by Daniel Hathaway
This week’s pair of Cleveland Orchestra concerts led by music director Franz Welser-Möst will be devoted to works in a variety of styles by Igor Stravinsky. One of the most challenging is Threni: Lamentations of the Prophet Jeremiah, a piece the composer premiered at the Venice Biennale in September 1958. Threni will be performed on Thursday, March 16 and Saturday, March 18 by The Cleveland Orchestra and Chorus and the Miami-based chamber chorus Seraphic Fire, now in its fifteenth season.
We spoke by telephone last week with Seraphic Fire’s founder and artistic director Patrick Dupré Quigley, who was already in Cleveland on another assignment with the Cleveland Orchestra.
Daniel Hathaway: I just discovered that you’re serving as cover conductor for this week’s St. John Passion performances.
Patrick Dupré Quigley: It’s been sort of a Stravinsky-Bach sandwich working on Threni last week, then the St. John this week, then Threni again next week. When you do things like that, you begin to realize all the parallels between the works.
DH: Congratulations on Seraphic Fire’s fifteenth anniversary. I was blown away by the Choir’s performance at Oberlin in September of 2012. Now how did you and The Cleveland Orchestra come together?
PDQ: I’ve been coming to their Miami concerts for a long time. The classical music field is about as big as a backyard pond, and in a way, all roads lead to Cleveland. I was here last year covering Messiah and the year before observing Jane Glover. Some of the members of the Orchestra have played in Seraphic Fire, so there’s been a lot of cross-pollination over time. Members of the artistic staff have heard our concerts. They’re very willing to reach out and treat Miami as another musical community they’re part of.
DH: Whose idea was it to perform Threni?
PDQ: It was Cleveland’s idea. Mark Williams is one of the best programmers and big-picture artistic planners in the business. At the time the piece was written, its technical demands far outpaced the abilities of orchestras and choirs. Mark had the foresight to recognize that between TCO, the Chorus, and SF, we now had the ability to perform it the way Stravinsky heard it in his mind.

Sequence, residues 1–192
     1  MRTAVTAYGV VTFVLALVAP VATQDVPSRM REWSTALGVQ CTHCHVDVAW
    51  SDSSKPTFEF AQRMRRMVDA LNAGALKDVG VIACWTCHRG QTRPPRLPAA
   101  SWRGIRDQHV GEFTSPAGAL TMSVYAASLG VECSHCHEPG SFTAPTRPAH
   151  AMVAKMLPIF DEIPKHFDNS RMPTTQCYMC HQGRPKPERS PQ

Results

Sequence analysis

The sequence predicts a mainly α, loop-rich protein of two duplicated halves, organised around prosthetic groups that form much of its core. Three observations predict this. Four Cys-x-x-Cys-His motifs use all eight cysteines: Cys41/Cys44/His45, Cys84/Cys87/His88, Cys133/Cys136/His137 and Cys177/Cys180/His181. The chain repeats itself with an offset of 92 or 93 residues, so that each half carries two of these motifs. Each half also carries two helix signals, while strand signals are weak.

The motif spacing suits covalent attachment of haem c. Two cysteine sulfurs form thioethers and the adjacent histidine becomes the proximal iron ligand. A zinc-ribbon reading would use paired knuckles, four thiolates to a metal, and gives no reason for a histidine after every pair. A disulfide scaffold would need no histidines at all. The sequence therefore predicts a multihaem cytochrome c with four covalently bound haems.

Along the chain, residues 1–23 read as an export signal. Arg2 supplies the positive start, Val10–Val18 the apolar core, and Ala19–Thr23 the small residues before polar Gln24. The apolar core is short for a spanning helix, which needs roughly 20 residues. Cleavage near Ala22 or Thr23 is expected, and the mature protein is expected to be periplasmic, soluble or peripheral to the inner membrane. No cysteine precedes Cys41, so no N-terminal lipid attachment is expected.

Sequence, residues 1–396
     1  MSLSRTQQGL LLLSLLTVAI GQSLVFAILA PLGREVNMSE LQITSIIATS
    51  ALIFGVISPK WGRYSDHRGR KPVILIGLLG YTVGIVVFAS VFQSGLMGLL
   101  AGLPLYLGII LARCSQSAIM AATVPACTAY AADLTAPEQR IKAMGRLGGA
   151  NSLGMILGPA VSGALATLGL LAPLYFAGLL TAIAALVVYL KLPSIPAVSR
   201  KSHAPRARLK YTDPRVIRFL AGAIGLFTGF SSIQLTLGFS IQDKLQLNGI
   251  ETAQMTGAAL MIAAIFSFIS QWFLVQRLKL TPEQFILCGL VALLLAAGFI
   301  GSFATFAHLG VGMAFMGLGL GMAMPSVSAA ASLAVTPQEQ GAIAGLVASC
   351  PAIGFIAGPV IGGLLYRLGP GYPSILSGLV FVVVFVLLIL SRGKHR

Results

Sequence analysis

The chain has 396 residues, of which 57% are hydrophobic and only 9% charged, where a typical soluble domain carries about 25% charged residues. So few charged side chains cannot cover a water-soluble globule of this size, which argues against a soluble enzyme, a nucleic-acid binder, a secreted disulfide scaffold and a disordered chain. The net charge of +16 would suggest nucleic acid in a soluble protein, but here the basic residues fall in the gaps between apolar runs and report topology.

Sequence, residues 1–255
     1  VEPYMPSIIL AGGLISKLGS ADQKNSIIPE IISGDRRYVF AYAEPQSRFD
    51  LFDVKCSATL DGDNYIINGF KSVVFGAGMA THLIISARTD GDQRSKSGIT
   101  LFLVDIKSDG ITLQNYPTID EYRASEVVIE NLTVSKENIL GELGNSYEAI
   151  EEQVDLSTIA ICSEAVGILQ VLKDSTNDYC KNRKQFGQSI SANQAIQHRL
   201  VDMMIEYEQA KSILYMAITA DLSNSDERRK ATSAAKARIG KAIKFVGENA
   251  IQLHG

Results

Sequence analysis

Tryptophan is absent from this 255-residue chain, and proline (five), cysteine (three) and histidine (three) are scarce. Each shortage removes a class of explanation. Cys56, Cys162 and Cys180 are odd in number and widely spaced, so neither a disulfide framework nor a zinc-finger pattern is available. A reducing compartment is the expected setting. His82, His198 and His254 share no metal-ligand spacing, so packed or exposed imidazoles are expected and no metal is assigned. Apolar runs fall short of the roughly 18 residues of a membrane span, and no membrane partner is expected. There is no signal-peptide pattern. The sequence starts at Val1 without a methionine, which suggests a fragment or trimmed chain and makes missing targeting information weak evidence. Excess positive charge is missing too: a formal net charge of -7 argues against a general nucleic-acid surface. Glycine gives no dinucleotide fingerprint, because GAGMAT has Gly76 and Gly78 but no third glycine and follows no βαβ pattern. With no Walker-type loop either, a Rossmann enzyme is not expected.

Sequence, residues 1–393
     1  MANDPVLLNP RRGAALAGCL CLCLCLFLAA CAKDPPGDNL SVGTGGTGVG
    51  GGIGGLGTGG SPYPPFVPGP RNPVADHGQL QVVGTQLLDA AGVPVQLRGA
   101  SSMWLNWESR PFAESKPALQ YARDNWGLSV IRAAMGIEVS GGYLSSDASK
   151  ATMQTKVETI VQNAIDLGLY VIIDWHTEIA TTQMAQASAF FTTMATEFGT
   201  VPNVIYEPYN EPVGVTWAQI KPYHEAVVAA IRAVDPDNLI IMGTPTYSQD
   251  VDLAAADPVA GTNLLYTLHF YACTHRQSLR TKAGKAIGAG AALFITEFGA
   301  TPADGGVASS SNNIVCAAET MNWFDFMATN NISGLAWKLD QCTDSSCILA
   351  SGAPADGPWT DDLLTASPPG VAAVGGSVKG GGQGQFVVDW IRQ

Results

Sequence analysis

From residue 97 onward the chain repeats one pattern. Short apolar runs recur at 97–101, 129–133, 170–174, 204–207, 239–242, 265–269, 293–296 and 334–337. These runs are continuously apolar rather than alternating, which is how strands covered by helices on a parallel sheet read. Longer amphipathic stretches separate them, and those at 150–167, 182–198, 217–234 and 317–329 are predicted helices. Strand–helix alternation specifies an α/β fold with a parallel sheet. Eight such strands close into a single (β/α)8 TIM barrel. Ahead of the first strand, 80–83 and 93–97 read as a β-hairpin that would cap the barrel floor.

PDQ: We know nothing about its premiere in Venice, but the Parisian debut started a long-term, letter-writing blame game between Stravinsky, Robert Craft, and Pierre Boulez. We’ve been preparing the piece for six months. It’s a marathon rather than a sprint for a singer, and a long period of conditioning is required to put the music into your muscles rather than into your mind. Stravinsky doesn’t make the music easy for anybody. He uses crazy meters and a very different way of treating twelve-tone music. In many ways, the piece is the child of a love affair between Les Noces and Oedipus Rex. It has all of the rhythmic complexity of a 1940s Stravinsky work with all the harmonic complexity of an early 20th-century dodecaphonic piece.
It also wants to be a neo-Renaissance work by removing barlines. There’s a challenge even rehearsing it. You can’t even say, “Let’s start at measure 93,” because there are no measures. But it is melodic — after a while you start singing the themes to yourself. Stravinsky had flirted with twelve-tone music before, but this was a real statement.
DH: How are you dividing up the choral duties?
PDQ: The Orchestra Chorus is taking the choral parts, while a sextet of singers from Seraphic Fire acts as a semi-chorus throughout the piece. Substantial portions of the work are written for tenors and basses in an imitative, polyphonic style but in twelve-tone language. There’s also a lot of Russian basso profundo work. It’s really a piece for a Romantic early 20th-century orchestra and chorus and a Renaissance sextet. It’s also a Venetian piece — the sextet is very similar to how the eight soloists in the Monteverdi Vespers function. In many ways, they represent Stravinsky’s voice, the voice of the Prophet. It’s similar to the way Tallis and other composers set the Lamentations. A large group sings the Hebrew letters that begin each stanza of Jeremiah’s poetry, while a small group sings the text of the Lamentations.
DH: You’ll be conducting your own Cleveland Orchestra concert this summer — the Mozart Requiem.
PDQ: That’s still sort of surreal. The piece is an intellectual icon in many ways: here are the last pen strokes from a composer of a level of genius that would take quite some time for us to see again. The thought that it might be able to be passed off as someone else’s work is pretty crazy. The Requiem and the second-act finale of Figaro are two of the pieces that took music by the ankles, turned it upside down, and shook all the change out of its pockets.
It’s an intense experience whenever you get to conduct that work. I’ve messed around with commissioning my own completion of the piece, but in the end it’s a work that you come to with reverence and a sense of responsibility. The idea that twenty-five years ago someone made a movie about this piece that won an Oscar, and it was so popular that there were pop references to it at the time — that sort of phenomenon means you have no option but to do right by this music.
Published on ClevelandClassical.com March 13, 2017.
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